Forum Regular audio amateur's Avatar
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    check this out:
    http://www.avland.co.uk/sony/scd1/index.htm

    I'd never seen high-end amps and pre's from Sony before Nor had I ever seen those speakers

  9. #9
    I took a headstart... basite's Avatar
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    Quote Originally Posted by audio amateur
    check this out:
    http://www.avland.co.uk/sony/scd1/index.htm

    I'd never seen high-end amps and pre's from Sony before Nor had I ever seen those speakers

    yup, that's what I was talking about

    they're mainly from the SACD's 'heyday', and earlier for the cd, they are still highly demanded, and nearly unobtainium, since very few were ever made, and some weren't even sold outside of Japan...

    more info on www.thevintageknob.org
    this is another one, for example: http://www.thevintageknob.org/SONY/s.../SCD777ES.html
    and this one:
    http://www.thevintageknob.org/SONY/s...10DASR10.html#

    yet I'd rather have an accuphase (stack), or a DSC stack...

    Keep them spinning,
    Bert.
    Life is music!

    Mcintosh MA6400 Integrated
    Double Advent speakers
    Thiel CS2.3's
    *DIY Lenco L75 TT
    * SME 3012 S2
    * Rega RB-301
    *Denon DL-103 in midas body
    *Denon DL-304
    *Graham slee elevator EXP & revelation
    *Lehmann audio black cube SE
    Marantz CD5001 OSE
    MIT AVt 2 IC's
    Sonic link Black earth IC's
    Siltech MXT New york IC's
    Kimber 4VS speakercable
    Furutech powercord and plugs.

    I'm a happy 20 year old...

  10. #10
    RGA
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    Quote Originally Posted by agentsteel
    I've been wondering about thoes high-end expensive CD players, how are they different from say like a Sony cd player? If CD was developed by Philips and Sony then they would know everything about the technology and make players that play CDs perfectly and the way they were meant to sound, right? So that means when you hear thoes high-end expensive players and notice thoes gigantic differences then that means that they just tweaked and played around with the tech to make it sound different and therefore the final playback is fake and not how it suppose to sound?
    It sounds good in theory but marketing departments and accountants rule those companies - like virtually all big companies - and they have far more interest in moving boxes than creating better sound quality. Even their so called improvements with SACD was more about the lack of record ability to stop downloading than it was about better sound quality - some of the better CD only players still beat SACD's altered effects.

    Those high end CD players still use Philips or Sony products. Most cd players and computers are outsourced to a few makers.

    Many of the top CD players use Philips or Sony or Teac transports. They are expensive uber built products or professional grade set-ups. Philips makes them but of course you won't see a Philips retail cd player using a Philips Pro drive because their target market is Walmart shoppers buying $59 DVD players not the minority audiophile community. Big companies are about volume.

    They sell the Pro drives to companies like Audio Note.

    So the Audio Note CD Two/II drive is a Philips Pro. Audio Note replaces all the internals with their own designs. Pictures here http://www.audionote.co.uk/products/...wo-ii_01.shtml

    And the first CD players were non oversampling no filter approaches. They sounded terrible. Philips and Sony though decided to take the CHEAP fixes to increase profit and so they developed a lot of error correction devices to fix the mistakes the cd players were making - thus enter oversampling, digital filters which would create a hard brick wall filter which truncates the sound above 22khz. People still didn't like it so companies like Sony Pioneer etc would create more error correction devices like noise shaping to try and smooth the sound of the treble (which arguably works but it sucked the life out of it as well). Audio Note went back to the very first CD player designs created by Sony/Philips and instead of adding the error correction they left it all out but put in more expensive tranformers to the DAC chip over OP amps. This is essentially no oversampling - the player reads the disc and it goes through the dac real time - it has to be good because it can't make any errors but essentially it is playing a lot more like a turntable in this way. The laser hits the discs passes the info once and you hear it directly - it doesn;t get read stored re-read 100 + times to be noise shaped and altered.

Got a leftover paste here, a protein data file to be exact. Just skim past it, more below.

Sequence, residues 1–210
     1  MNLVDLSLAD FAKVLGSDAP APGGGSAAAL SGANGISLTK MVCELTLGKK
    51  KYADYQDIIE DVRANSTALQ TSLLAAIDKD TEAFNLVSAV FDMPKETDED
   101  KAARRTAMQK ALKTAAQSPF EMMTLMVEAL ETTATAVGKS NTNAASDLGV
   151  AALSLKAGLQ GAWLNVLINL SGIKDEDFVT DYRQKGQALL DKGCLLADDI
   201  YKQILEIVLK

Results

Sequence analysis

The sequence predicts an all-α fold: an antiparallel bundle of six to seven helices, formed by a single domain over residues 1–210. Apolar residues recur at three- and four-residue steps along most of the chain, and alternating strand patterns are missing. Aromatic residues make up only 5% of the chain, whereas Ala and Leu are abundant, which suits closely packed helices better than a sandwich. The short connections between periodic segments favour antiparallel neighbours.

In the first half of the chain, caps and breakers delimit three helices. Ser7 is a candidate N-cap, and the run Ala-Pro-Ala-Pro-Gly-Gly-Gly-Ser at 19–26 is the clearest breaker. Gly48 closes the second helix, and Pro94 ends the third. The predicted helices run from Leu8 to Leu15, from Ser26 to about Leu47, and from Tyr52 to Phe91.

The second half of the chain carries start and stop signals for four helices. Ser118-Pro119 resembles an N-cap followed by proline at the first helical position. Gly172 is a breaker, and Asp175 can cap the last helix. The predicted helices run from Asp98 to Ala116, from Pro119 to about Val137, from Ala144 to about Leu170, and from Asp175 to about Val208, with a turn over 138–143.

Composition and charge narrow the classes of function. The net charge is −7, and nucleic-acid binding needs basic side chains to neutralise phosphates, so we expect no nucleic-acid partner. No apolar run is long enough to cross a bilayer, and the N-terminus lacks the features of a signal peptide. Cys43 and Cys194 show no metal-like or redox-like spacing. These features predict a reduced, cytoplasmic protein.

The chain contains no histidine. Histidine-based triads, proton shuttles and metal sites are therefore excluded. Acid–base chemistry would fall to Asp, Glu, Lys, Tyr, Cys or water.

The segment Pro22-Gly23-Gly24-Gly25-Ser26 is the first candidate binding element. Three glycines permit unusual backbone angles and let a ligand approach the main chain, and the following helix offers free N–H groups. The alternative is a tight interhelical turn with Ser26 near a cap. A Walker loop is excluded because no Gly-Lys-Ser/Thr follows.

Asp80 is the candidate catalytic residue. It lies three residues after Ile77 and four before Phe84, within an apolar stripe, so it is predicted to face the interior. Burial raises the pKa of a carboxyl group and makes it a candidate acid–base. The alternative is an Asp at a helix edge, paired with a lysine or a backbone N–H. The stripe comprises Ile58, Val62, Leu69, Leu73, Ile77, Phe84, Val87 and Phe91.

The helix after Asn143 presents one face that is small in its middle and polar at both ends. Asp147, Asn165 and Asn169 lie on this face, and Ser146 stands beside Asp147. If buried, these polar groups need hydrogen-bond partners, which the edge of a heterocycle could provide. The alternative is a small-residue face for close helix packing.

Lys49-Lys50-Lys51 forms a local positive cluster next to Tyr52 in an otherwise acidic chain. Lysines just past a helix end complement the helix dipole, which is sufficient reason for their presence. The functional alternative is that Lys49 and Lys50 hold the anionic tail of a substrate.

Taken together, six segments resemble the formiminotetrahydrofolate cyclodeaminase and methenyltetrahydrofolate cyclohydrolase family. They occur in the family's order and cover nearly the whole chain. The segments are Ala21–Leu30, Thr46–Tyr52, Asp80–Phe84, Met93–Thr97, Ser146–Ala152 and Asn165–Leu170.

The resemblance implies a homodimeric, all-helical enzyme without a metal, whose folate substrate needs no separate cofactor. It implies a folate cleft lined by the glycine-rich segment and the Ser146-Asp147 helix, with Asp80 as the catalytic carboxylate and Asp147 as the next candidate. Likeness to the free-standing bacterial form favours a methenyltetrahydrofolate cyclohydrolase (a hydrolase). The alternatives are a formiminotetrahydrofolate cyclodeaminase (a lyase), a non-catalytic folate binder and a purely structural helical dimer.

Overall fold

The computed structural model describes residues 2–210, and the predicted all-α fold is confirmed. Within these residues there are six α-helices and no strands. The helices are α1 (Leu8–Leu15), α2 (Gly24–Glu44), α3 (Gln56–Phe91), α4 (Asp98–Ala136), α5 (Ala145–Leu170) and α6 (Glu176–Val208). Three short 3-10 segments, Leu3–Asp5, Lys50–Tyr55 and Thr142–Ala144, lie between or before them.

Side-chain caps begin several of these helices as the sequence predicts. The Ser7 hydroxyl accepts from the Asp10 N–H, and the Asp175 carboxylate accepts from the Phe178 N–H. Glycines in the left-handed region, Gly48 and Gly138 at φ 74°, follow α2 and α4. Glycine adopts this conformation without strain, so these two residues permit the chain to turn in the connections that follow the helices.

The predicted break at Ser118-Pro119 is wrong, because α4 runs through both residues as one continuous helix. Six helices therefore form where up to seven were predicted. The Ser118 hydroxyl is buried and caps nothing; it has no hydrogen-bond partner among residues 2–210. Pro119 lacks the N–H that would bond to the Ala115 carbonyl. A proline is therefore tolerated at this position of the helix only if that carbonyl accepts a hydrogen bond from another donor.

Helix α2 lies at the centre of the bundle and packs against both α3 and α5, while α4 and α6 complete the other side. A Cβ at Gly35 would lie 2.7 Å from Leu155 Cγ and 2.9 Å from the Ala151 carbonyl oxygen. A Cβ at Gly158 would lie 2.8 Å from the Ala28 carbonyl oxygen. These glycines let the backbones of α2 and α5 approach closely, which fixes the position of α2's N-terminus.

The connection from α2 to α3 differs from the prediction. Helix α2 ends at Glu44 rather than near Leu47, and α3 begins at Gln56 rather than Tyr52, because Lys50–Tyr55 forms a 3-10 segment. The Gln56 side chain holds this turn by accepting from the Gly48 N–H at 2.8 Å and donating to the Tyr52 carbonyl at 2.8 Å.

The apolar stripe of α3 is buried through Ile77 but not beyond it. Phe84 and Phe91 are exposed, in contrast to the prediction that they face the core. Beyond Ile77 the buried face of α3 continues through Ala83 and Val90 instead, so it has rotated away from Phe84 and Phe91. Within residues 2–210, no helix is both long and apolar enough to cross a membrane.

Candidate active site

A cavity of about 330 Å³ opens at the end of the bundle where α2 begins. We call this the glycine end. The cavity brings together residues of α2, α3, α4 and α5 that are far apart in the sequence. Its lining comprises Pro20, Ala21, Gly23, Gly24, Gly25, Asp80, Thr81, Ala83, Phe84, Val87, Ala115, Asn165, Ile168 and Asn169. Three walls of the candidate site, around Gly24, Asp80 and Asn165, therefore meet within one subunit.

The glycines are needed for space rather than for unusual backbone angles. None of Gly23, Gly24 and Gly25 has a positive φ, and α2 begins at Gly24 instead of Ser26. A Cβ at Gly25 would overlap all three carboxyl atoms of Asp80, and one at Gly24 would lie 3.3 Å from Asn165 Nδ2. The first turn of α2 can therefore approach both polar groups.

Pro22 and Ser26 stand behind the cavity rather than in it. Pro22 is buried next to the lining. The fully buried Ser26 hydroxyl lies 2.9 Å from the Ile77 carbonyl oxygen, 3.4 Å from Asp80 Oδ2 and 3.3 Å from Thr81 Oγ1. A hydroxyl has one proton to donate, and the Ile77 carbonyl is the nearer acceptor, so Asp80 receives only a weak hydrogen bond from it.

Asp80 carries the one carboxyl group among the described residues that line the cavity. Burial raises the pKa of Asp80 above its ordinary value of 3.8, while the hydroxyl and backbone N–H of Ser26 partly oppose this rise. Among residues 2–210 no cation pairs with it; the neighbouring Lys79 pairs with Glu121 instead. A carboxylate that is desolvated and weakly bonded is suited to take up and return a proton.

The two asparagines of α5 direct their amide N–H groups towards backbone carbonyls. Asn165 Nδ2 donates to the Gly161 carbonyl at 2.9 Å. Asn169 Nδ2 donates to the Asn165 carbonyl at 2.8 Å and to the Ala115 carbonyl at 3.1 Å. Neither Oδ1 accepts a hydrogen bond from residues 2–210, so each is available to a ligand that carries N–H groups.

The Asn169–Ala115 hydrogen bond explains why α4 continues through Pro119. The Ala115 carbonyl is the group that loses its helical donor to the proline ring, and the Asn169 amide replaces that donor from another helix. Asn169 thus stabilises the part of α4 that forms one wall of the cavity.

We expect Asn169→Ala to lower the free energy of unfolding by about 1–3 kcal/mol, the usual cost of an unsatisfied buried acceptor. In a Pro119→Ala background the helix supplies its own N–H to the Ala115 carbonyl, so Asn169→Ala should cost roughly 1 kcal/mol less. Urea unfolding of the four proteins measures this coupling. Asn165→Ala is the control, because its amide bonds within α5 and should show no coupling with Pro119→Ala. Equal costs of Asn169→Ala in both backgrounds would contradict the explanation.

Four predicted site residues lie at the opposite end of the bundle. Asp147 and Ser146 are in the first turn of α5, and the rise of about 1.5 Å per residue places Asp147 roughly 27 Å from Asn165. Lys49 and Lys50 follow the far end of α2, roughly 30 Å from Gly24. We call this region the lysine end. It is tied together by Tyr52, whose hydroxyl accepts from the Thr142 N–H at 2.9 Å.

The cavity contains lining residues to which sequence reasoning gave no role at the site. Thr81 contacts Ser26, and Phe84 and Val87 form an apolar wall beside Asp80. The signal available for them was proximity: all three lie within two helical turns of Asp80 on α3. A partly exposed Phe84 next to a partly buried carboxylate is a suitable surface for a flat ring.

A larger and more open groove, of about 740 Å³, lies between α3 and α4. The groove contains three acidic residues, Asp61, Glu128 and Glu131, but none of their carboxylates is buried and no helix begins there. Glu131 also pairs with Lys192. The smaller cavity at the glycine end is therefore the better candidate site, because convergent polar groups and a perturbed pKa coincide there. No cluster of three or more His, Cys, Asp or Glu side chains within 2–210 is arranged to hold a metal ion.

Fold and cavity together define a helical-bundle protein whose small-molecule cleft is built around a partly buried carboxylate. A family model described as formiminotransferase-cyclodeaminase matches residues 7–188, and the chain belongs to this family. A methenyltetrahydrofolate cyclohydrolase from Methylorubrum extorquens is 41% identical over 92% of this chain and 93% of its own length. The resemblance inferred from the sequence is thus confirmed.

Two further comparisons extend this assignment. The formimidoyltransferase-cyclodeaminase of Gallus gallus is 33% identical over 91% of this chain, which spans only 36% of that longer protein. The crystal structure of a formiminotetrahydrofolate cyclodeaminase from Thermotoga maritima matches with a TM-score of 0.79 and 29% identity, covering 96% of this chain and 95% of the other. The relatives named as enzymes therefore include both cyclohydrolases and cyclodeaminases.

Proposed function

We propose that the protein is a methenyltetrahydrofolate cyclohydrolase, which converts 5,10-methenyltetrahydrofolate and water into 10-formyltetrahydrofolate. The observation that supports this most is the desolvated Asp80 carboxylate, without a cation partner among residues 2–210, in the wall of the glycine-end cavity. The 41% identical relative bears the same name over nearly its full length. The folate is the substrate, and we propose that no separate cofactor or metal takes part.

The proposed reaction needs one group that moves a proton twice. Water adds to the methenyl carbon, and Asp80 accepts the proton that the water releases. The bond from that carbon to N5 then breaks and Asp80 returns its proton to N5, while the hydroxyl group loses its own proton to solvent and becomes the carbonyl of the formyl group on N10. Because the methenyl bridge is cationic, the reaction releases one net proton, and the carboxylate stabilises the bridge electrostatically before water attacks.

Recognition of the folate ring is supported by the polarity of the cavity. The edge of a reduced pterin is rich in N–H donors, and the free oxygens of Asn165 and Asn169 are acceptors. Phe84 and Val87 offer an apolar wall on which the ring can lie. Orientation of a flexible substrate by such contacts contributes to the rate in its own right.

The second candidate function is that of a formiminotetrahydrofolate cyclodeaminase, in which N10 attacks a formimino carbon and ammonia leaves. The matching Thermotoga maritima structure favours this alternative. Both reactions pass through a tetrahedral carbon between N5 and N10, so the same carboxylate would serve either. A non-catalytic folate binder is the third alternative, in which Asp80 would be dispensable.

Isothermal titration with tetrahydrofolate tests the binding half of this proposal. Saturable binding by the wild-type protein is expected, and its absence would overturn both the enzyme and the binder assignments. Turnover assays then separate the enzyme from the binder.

There are now several other players using this AN design from companies like 47 Labs, Zanden. There are of course excellent CD players of typical design out there but the point is that a little know Audio Note or 47 Labs is making CD players closer to the initial ideal than any other design - for right or wrong. I think they're right and that's why it will probably an AN Cd player as my next CD player.
    Last edited by RGA; 06-03-2008 at 12:10 PM.

  11. #11
    Music Junkie E-Stat's Avatar
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    Quote Originally Posted by agentsteel
    I've been wondering about thoes high-end expensive CD players, how are they different from say like a Sony cd player? If CD was developed by Philips and Sony then they would know everything about the technology and make players that play CDs perfectly and the way they were meant to sound, right?
    You need to remember that what they developed was a digital software medium, not the inherent digital technology nor the required analog output stage found in every CDP. Dr. Thomas Stockham developed a 16/50 digital recorder and was used by Telarc Records before the CD format had even hatched. And was superior. I played a minor role in one of their recordings of the ASO using the new technology back in 1978. Has the industry learned anything over the past three decades? Certainly. Jitter has been identified, quantified, and many different strategies for minimizing its effect are now employed. The required "brick wall" filtering evolved from being handled in the analog domain (fraught with phase errors) to being handled in the digital domain.

    The final *component* that lies within every player is the analog output stage. Such was originally developed back in the depression - and has continued to evolve over time. A $.36 op amp using electrolytic coupling capacitors in the signal path is not even in the same sonic ball park as the best discrete tube and solid state designs.

    rw

  12. #12
    Music Junkie E-Stat's Avatar
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    Quote Originally Posted by Feanor
    The price is ... I'm not sure exactly but it is likely above $50,000 for the combo.
    Actually, the combo *only* runs about $20k USD. There's a pair on 'Gon for a mere $7500 here. Those are the units Harry Pearson uses in his Magneplanar based MC system. They drive a Conrad-Johnson MET-6 preamp into Edge amplifiers. Simply superb sounding.

    rw